We have seen a cross-pollination of support from our Further and Higher Education sectors on the picket lines: If they are coming for USS pensions today, they will come for TPS pensions tomorrow.
This cross sector support has brought us closer together as a union – an attack on one is an attack on all.
Our amazing students have provided phenomenal support despite being adversely affected by the strike action itself. Our students have mobilised, they have organised, they have marched, they have collected for strike funds. And they have engaged because they understand the dispute and because they are part of our narrative.
Our incredible teachers who have been delivering an alternative strike curriculum in pubs and clubs, who have been teaching our students directly on the picket lines – sessions on social history, politics, the history of the trade union movement.
We have provided a different, alternative education and it has been mind-blowingly diverse.
We have brought on and educated thousands, thousands of young people; the next generation of trade unionists. And so, as a movement, we grow.
And then there is our virtual strike – online and on social media.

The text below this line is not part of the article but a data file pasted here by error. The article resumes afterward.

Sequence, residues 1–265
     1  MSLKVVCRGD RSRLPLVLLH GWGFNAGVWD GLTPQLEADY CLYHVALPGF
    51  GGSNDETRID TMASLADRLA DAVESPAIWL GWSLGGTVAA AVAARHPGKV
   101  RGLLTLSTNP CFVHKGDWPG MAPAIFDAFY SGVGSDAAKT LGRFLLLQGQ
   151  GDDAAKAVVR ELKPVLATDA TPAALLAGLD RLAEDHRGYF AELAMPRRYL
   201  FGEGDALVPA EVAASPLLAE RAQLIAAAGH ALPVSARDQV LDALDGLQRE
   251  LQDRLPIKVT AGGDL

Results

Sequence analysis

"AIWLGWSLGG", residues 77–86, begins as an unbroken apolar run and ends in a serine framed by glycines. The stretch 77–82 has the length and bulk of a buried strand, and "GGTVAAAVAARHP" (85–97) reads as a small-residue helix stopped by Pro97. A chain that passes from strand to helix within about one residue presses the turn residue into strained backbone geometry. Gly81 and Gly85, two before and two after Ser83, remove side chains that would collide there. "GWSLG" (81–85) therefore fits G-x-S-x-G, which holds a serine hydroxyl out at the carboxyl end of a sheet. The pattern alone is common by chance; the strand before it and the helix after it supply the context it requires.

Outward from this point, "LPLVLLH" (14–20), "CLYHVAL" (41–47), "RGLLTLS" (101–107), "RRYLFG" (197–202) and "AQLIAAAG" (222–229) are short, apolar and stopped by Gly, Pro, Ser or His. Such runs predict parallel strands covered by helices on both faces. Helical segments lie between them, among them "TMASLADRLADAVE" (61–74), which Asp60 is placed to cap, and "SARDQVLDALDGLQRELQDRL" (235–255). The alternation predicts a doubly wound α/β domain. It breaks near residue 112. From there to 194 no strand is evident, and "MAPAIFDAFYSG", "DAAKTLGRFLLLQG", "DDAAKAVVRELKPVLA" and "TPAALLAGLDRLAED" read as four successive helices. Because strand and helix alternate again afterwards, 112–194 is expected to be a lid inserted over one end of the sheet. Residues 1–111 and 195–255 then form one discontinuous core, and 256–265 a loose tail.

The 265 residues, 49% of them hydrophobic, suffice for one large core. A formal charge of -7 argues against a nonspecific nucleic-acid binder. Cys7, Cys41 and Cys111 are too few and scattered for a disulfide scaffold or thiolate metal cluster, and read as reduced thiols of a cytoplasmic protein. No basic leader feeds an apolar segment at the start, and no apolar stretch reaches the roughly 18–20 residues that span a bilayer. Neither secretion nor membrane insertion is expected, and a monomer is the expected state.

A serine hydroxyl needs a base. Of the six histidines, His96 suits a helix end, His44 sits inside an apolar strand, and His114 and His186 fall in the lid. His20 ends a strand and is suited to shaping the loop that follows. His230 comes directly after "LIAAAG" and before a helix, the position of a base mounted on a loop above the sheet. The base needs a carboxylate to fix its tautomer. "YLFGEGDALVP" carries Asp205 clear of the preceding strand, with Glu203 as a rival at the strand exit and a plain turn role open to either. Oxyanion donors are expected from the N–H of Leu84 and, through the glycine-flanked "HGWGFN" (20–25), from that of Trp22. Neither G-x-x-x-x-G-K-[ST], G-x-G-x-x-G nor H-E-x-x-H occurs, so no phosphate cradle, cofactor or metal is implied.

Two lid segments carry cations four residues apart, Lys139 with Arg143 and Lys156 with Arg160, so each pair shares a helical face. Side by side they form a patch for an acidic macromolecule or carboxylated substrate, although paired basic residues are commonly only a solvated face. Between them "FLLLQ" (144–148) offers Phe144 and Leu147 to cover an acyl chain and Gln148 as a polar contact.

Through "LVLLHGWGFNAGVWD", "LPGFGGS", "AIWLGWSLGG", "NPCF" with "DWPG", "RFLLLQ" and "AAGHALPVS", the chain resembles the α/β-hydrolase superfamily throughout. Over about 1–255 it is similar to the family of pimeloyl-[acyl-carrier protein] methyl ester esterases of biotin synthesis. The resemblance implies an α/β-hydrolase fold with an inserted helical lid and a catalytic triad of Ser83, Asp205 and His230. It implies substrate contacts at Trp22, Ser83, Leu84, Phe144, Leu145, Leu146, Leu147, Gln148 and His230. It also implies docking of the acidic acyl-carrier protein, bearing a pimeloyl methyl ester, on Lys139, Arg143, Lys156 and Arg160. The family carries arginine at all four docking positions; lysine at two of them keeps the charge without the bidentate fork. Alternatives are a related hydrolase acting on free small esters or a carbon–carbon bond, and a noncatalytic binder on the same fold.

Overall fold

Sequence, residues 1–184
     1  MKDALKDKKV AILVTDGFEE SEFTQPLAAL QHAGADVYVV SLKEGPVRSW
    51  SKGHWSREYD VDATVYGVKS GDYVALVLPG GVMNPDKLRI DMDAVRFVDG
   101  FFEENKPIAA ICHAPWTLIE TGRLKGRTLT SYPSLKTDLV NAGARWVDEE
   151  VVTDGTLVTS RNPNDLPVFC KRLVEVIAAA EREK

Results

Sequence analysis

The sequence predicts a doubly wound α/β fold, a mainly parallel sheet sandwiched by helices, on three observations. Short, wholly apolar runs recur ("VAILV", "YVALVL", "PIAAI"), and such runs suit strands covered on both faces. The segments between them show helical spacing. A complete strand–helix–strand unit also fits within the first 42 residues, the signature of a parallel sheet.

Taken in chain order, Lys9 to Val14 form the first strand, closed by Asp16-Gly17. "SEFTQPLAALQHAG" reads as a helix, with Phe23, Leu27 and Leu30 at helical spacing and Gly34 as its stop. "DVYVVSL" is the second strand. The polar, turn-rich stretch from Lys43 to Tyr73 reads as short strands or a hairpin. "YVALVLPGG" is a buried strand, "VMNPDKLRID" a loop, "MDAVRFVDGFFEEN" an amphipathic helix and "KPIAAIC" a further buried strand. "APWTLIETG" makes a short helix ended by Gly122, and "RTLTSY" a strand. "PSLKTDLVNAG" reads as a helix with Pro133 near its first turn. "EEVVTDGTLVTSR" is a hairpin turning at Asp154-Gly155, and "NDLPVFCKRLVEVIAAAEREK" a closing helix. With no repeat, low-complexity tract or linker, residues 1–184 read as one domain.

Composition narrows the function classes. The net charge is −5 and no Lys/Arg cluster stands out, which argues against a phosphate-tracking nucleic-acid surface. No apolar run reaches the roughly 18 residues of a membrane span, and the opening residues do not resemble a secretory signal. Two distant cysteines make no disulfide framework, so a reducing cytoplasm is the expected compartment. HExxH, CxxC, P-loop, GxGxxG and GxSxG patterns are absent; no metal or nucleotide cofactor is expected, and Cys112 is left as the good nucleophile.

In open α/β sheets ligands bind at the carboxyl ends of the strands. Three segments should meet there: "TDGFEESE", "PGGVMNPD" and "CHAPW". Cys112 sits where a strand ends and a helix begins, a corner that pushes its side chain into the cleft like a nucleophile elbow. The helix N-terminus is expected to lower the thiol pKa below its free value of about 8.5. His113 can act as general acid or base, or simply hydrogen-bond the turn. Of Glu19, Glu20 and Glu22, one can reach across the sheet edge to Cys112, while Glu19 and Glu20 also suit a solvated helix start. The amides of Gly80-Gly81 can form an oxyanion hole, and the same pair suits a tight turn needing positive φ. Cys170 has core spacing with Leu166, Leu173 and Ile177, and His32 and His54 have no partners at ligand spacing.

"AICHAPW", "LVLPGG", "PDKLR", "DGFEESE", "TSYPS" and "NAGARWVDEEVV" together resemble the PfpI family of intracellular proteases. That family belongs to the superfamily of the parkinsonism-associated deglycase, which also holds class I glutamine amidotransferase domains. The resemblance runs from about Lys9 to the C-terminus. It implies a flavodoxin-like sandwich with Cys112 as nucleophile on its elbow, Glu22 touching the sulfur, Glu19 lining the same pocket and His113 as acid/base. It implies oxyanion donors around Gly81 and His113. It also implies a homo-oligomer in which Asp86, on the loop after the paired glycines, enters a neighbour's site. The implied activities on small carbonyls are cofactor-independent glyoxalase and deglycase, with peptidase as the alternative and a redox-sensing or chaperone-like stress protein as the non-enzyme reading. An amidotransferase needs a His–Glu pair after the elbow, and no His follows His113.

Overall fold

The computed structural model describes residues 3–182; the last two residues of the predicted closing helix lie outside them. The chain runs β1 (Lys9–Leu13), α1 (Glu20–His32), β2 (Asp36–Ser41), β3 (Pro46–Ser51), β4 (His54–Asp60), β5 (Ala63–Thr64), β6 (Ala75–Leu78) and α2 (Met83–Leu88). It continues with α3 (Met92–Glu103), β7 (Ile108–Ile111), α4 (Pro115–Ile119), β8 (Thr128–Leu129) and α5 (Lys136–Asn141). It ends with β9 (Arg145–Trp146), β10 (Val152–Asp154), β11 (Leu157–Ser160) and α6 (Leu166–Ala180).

We have had high level support online from all parties. Jeremy Corbyn, John McDonnell, Angela Raynor, Vince Cable, Dianne Abbott, Chi Onwurah.
Also Owen Jones, Ken Loach, Maxine Peake, Billy Bragg gigging on the picket line in Exeter. We’ve had pop stars and more.
We have raised strike funds through virtual banking.
We have had pod casts of support from trade unions across the globe including Germany, Norway, New Zealand.
Our first rally in London was broadcast live on social media – reaching 100,000 trade unionists in South Africa alone.
We at UCU have learned that we can build physically and we can build virtually.
The Tory anti-trade union laws have made us work harder, they have made us work stronger and they have made us work better.
We are UCU and we are a more dynamic force and we are more resilient as a result.
The challenge ahead for us now is to harness this new found activism, engage our new activists and sustain the energy beyond our current disputes to ensure that we as UCU are physically, socially and politically sustainable for the long term.
So Conference. Let us build our branches. Let us build our trade unions. And let us continue to build our movement together.